Decorative Side Bird

Management recruitment pointers

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Whether being selected for a new job or attracting the best people to work in your organization, both the prospective employee and the employer need to go the extra mile in a hiring situation. Surprisingly, the vast majority of both organizations and job seekers make no special effort to stand out.

To compete more effectively for top-notch managers, organizations should consider these success factors:

Define success criteria

The criteria on which job performance will be based must be clear and known to the new manager. The employer needs to define the success criteria for the position so it is evident to all parties what success is.

Measure performance

It is not enough to tell a job candidate, "We?ll know success when we see it." A strategic plan usually demonstrates that a group of people (hopefully the board) has assessed needs, prioritized actions, and established a plan to measure an executive director's progress. Answer this question: "In one year, what must the manager accomplish to earn a favourable review, salary increase, and bonus?"

Know thyself

Organizations have reputations. In professional networks such as the Canadian Society of Association Executives, Association of Fundraising Professionals, Meeting Planners International, and others, people will warn off their colleagues if a prospective employer has an unfavourable reputation for such things as high staff turnover, a negative work environment, unrealistic expectations, etc. Just as the candidate needs to be self-aware of the strengths and weaknesses they bring to a job, an employer must also know how they are perceived in the marketplace and take steps to overcome any deficiencies.

Treat candidates well

Remember, as an organization, you?re making a first impression too. Common courtesy includes returning phone calls, letting people who have been interviewed know where they stand, providing information to help the job applicant make an informed decision, and treating people fairly and courteously.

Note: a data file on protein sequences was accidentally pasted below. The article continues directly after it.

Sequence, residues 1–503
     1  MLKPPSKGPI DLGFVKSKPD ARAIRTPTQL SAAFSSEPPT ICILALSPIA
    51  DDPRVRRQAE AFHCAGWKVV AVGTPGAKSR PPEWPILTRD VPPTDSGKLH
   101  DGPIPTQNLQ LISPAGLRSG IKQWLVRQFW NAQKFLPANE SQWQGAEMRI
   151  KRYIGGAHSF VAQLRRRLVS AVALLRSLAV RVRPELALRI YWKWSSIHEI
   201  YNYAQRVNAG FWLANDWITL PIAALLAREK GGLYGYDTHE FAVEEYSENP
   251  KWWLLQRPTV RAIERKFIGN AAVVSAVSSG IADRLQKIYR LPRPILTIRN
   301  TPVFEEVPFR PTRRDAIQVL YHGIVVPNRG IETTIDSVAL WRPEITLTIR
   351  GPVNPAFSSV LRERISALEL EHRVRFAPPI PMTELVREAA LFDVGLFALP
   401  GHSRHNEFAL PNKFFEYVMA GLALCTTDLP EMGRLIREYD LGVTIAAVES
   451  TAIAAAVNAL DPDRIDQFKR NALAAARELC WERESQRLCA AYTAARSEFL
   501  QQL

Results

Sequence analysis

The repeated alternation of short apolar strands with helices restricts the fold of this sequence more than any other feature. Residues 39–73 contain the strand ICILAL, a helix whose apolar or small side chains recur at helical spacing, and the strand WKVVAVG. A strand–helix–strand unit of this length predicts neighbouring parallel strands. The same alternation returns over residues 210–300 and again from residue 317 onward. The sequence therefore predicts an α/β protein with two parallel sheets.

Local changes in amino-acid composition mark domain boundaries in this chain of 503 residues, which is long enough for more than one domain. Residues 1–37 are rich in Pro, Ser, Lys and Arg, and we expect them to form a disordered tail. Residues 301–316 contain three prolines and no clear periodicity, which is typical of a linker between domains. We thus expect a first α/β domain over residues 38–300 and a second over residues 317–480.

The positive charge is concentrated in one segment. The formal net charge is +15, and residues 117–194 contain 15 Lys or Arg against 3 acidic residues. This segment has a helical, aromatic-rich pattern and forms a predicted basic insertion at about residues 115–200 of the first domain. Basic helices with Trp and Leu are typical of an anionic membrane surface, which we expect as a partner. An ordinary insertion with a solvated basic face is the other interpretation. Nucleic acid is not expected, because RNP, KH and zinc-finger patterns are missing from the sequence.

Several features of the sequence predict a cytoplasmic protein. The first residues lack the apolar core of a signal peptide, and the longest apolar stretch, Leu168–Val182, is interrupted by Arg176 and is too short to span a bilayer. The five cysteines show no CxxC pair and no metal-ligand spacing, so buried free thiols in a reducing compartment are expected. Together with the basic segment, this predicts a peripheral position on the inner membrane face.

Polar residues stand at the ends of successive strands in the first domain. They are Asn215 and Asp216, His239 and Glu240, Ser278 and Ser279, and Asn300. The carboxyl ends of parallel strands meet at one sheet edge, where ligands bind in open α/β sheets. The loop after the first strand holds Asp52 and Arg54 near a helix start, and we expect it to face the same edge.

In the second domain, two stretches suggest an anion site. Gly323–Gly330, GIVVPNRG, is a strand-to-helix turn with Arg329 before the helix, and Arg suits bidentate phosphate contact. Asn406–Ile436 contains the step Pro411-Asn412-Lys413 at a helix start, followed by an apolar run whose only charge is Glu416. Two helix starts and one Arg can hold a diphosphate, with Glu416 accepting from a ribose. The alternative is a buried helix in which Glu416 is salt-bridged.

From the job seekers perspective, here are a few important points for consideration:

Be realistic

Reality check: the majority of applications employers receive for a given job opening are not qualified for the job. If ten percent of the candidates have the specific requirements being sought, the employer will probably not look beyond this "A-list". If you?re going to stand out, do so as the most qualified applicant.

Do your homework

Exercise the same due diligence checking out your prospective employer as they will evaluating you. Sources for information include the prospective employer (website, strategic plan, annual report, etc.); Internet searches; allied organizations or international counterparts; headhunters; and professional association networks.

Sell well

How well did you sell yourself at your last job interview? Consider this true case:

The candidate came to the interview as one of three finalists. She prepared a binder, without prompting, for the hiring panel containing her application, a competency grid matching her qualifications to the position?s requirements, an article she wrote for the interview on the value the organization she wants to join brings to Canadian society, her understanding of the current strategic issues for the organization, and appendices including a recent performance appraisal from her last employer. Guess what? She was offered the position.

Don't play games

If you play games, you won?t be taken seriously the next time. And, as we all know, the charity sector is a small world. An example of game-playing would be going through the entire hiring process only to use a new job offer to better your current situation. Resume fraud, misleading answers or other attempts at misrepresentation may constitute just cause for dismissal. Write your resume and approach interviews anticipating that every claim, detail, and accomplishment will be verified. Be mindful of your reputation.

Content is © Jack Shand and is reprinted with permission.

Jack Shand, CMC, CAE, is president of Leader Quest, a management consulting firm providing expert advice to not-for-profit organizations since 1997. Leader Quest specializes in executive search/staff recruitment, strategic planning, governance, and organizational reviews. Jack can be reached at 905-842-3845 and 1-877-929-4473, or jack-at-leaderquest-dot-com.

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